Stonebridge has a tough time after his wife’s murder. At the beginning of Ep. 3 he says, “I just want to do what I do best: soldiering.” What is his state of mind at the time and he secretly wants to find Craig Hanson, right?
Yeah, absolutely. It doesn’t look like Stonebridge is grieving. It looks like he’s just coping. He’s dealing with stuff, isn’t he? He’s doing it how we would expect Stonebridge to do it; he’s being professional and he’s being still. He’s reassuring the psychiatrist and I think that obviously his motivation is, “If I can just find Hanson and encourage myself with this and then maybe I can deal with it, but my first thing is to be a guy about it and I’ve got to find Hanson and I’ve got to take him out.”
That’s how I kind of approach that bit. In that psych ward scene I don’t think he’d grieved in the real sense of the word. He hadn’t sat down with family members and friends and walked through what happened. But in his own mind, he said, “All right, I’m going to put that over here, I’m going to compartmentalize it and then I’m going to deal with what happened; I’m going to deal with who caused it and then I can move on.”
Obviously, that takes us through the rest of the show is him compartmentalizing, it kind of rearing it’s head, the pain, the guilt, all that stuff, and then the realization that when it does confront Hanson, what’s he going to do about it.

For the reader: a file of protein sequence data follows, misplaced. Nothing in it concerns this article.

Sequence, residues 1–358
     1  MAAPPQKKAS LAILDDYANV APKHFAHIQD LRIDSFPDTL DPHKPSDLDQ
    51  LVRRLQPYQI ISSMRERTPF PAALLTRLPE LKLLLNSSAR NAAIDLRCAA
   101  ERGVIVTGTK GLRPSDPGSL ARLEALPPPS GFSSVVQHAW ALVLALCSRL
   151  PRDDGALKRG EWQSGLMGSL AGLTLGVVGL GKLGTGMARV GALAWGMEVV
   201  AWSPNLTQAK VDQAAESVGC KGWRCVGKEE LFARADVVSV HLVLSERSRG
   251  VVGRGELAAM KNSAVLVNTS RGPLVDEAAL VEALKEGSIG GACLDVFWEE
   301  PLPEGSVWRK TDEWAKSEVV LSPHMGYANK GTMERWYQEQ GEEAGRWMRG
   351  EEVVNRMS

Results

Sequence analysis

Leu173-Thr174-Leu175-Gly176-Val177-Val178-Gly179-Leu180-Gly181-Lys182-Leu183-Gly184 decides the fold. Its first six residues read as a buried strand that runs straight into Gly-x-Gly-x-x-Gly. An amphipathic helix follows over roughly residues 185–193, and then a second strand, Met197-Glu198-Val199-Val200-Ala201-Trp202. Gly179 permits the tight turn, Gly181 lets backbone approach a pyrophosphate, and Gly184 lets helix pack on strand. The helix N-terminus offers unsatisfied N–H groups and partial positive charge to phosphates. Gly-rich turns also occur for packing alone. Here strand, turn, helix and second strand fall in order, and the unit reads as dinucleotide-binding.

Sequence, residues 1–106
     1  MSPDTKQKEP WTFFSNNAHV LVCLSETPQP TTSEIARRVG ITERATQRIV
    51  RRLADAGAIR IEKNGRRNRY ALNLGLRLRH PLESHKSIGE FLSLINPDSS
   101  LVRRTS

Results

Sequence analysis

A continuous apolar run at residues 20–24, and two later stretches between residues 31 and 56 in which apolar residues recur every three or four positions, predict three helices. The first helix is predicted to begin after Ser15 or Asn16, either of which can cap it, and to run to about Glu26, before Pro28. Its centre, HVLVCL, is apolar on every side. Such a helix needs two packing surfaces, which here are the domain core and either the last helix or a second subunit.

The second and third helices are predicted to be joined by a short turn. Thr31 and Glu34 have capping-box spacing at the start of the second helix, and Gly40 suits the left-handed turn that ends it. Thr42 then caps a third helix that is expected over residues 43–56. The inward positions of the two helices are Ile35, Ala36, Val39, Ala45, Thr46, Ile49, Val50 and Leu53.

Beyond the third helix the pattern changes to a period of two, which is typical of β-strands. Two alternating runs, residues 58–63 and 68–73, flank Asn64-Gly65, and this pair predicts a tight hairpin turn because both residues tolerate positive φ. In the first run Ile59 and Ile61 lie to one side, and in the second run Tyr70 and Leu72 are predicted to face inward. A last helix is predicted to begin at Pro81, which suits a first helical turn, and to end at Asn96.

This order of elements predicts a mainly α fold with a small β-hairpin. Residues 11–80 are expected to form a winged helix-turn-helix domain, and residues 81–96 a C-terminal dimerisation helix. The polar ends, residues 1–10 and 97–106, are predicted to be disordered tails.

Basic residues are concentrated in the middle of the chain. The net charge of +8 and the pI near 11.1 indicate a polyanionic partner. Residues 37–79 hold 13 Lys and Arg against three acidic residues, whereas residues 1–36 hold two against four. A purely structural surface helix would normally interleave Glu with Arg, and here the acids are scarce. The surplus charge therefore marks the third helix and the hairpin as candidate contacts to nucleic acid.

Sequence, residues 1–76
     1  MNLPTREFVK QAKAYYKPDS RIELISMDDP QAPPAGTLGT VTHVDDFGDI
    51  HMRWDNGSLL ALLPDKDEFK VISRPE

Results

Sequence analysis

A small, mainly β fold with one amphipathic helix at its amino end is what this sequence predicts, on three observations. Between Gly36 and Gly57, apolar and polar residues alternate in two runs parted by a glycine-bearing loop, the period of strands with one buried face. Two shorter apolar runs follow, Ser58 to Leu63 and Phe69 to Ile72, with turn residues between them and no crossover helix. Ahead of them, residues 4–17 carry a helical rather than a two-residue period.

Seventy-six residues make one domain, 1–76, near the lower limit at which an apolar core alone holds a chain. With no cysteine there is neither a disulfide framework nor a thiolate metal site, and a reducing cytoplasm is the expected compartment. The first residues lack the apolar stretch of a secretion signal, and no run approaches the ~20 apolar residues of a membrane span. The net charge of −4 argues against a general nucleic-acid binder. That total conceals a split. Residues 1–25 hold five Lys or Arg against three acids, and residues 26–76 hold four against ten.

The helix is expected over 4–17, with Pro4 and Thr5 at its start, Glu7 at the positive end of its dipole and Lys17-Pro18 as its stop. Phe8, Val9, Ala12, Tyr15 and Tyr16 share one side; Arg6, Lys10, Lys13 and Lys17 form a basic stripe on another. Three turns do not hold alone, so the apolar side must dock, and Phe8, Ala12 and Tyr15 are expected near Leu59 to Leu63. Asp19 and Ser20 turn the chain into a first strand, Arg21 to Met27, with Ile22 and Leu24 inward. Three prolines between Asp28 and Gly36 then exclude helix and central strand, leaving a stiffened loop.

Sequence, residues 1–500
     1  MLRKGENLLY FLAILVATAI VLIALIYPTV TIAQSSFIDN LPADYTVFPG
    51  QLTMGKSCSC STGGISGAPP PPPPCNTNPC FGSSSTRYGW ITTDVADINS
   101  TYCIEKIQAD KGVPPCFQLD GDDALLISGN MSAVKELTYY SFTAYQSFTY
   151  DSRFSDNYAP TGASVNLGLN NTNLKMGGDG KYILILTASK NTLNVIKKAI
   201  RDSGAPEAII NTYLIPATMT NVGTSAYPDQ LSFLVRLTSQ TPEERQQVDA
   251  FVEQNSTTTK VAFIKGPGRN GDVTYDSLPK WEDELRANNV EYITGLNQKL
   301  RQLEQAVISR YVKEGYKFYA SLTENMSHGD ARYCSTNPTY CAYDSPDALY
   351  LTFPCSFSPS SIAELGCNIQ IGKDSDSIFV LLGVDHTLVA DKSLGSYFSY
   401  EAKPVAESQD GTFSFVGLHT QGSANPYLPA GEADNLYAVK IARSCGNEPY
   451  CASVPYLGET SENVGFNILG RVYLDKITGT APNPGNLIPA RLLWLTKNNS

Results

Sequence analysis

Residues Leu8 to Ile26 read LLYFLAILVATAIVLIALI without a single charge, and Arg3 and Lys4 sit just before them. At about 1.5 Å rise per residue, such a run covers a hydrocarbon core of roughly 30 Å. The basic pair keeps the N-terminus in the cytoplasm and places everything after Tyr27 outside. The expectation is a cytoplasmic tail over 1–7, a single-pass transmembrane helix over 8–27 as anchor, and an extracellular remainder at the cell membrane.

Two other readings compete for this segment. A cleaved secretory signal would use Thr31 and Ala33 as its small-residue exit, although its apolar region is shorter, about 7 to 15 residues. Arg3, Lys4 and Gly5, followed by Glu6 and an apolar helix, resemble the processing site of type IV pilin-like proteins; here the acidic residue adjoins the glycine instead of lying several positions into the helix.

Stonebridge has survivor guilt, guilt over killing the brother, a little bit of PTSD. Do you think that Stonebridge, who keeps things so locked in, is more messed up because of that than say Scott, who sort of physically gets rid of his demons through sex?
I absolutely agree with that. And that was one of the things we decided to do this year: Stonebridge would act out violently. He was acting out more violently; he wasn’t acting out sexually like Scott does.
We were sitting down discussing fight scenes and I was like, “I’m going to use this fight as a vessel to get rid of some of that anger and some of that anxiety and that guilt.” So in Episode 3, for example, when they get a hold of [Othmani] on the bus, there’s that fight and he’s just smashing the guy. I don’t think he cares if he kills him. He’s just getting rid of it, you know what I mean?
So I do absolutely think that Stonebridge uses violence and the anger that he suppresses all the time, and again, I think that’s another reason why his relationship with Scott gets strained because he looks at Scott at goes, “Son of a bitch. How come your attitude and the way that you live your life—you obviously planned this out because it aids in how you deal with things. I haven’t been able to do that and it’s fucking me up.” So it creates more tension between these two guys and ultimately creates opportunities for Scott to sit down and say, “Look, bud. You got to sort this shit out or you’re going to not only end up like me but you’re going to disappear.”